WATCH: NDP leader Thomas Mulcair, currently leading the polls, tries to herd the “anyone but Harper” vote as federal campaign begins.
Liberal leader Justin Trudeau —who was in British Columbia on the first day of campaigning — also took aim at the economy, accusing both his opponents of having plans that fail most Canadians.
Surrounded by supporters, Trudeau described Harper’s plan as a “failure” and Mulcair’s as a “mirage.”
“It’s time to choose a person and a team with an economic plan based on this fundamental truth about Canada: That if you want to create jobs and grow the economy, you have to give middle class Canadians a real and fair chance to succeed,” Trudeau said.
Who’s paying for the extended campaign?
With Sunday’s writ drop, this campaign will prove historic for reasons beyond its length: the marathon to the fall voting day will also be the country’s costliest (on account of the length) and the first in which three parties have a statistically realistic shot at winning the election.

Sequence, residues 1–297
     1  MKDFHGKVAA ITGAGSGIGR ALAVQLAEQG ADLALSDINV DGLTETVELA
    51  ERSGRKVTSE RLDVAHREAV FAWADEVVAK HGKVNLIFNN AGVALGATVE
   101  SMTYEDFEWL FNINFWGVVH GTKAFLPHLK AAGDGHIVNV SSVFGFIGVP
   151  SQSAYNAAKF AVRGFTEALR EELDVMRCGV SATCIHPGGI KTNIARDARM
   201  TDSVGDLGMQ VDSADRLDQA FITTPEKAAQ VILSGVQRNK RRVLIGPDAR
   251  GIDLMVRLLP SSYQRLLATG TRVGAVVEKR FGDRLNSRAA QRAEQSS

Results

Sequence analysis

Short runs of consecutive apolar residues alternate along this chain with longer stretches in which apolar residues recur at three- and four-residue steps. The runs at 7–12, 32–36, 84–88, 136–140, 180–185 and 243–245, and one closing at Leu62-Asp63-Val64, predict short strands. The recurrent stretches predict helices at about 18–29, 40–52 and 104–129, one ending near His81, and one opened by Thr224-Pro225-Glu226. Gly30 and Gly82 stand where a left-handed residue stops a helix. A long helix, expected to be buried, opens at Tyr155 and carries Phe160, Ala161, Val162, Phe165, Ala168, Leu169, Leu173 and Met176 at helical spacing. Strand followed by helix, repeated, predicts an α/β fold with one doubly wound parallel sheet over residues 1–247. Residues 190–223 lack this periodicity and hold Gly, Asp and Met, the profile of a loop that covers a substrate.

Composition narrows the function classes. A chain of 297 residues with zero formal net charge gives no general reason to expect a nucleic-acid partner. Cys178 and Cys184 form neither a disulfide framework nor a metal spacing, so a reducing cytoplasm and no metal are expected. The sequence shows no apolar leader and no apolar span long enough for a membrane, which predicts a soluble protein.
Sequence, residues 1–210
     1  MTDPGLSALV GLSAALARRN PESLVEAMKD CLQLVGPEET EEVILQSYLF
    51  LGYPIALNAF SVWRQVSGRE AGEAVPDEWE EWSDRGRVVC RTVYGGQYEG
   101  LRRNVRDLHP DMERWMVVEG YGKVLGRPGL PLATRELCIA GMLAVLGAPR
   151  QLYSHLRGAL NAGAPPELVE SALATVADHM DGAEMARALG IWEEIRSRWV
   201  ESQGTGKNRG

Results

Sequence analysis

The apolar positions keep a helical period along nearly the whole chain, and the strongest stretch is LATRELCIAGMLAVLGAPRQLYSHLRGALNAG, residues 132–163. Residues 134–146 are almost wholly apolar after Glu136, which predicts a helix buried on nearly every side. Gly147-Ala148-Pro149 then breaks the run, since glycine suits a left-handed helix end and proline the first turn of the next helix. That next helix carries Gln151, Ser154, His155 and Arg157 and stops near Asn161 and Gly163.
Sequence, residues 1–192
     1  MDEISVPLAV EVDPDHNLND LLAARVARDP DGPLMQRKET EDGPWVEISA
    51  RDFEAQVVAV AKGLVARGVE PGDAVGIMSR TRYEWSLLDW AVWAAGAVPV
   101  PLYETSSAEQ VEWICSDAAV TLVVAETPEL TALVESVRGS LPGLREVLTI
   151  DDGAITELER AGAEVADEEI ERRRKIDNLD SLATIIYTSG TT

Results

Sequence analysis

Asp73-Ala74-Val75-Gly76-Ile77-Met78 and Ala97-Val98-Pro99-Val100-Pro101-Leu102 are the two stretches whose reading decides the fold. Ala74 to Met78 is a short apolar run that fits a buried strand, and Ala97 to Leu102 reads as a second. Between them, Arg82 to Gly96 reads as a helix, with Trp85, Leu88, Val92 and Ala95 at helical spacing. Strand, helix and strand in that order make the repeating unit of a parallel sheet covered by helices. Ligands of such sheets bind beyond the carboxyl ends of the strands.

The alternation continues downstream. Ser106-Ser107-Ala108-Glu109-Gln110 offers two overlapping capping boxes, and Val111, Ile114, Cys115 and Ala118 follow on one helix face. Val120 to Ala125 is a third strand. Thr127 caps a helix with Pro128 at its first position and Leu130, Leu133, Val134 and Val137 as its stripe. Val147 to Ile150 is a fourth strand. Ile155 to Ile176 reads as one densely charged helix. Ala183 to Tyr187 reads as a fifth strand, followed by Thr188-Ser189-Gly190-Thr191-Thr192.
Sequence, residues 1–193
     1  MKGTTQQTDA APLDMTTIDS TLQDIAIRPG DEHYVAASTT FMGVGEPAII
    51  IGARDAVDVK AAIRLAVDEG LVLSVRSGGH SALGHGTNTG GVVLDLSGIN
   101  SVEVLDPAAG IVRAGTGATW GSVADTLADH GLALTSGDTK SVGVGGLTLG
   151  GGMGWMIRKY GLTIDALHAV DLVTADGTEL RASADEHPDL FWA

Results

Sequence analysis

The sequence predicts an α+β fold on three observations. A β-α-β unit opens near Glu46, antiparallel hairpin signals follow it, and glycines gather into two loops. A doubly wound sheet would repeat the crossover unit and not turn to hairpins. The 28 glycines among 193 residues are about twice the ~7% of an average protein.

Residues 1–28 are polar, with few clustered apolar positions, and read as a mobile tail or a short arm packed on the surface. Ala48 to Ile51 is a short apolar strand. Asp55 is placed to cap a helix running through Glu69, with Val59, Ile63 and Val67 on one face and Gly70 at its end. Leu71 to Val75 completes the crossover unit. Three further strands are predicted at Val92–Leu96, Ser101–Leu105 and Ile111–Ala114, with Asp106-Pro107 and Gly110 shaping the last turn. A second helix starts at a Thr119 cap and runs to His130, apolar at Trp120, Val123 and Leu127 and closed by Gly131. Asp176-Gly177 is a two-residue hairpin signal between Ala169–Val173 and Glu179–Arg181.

Harper defended the cost, saying Canadians deserve having time to understand and weigh their options. Plus, he said, if parties are going to start campaigning at all, it should happen on their dime, not the taxpayers’.
“It is important that every political party’s campaign be financed by itself – not government resources, not parliamentary resources, not of all the other resources available to us when the campaigns are not on,” Harper said.
“Everyone is campaigning, everybody should finance their own campaign, and everybody should operate under the law and the rules for campaigns.”
However, the taxpayer’s share of the bill actually stands to go up exponentially with every day the campaign extends beyond the minimum 37 days.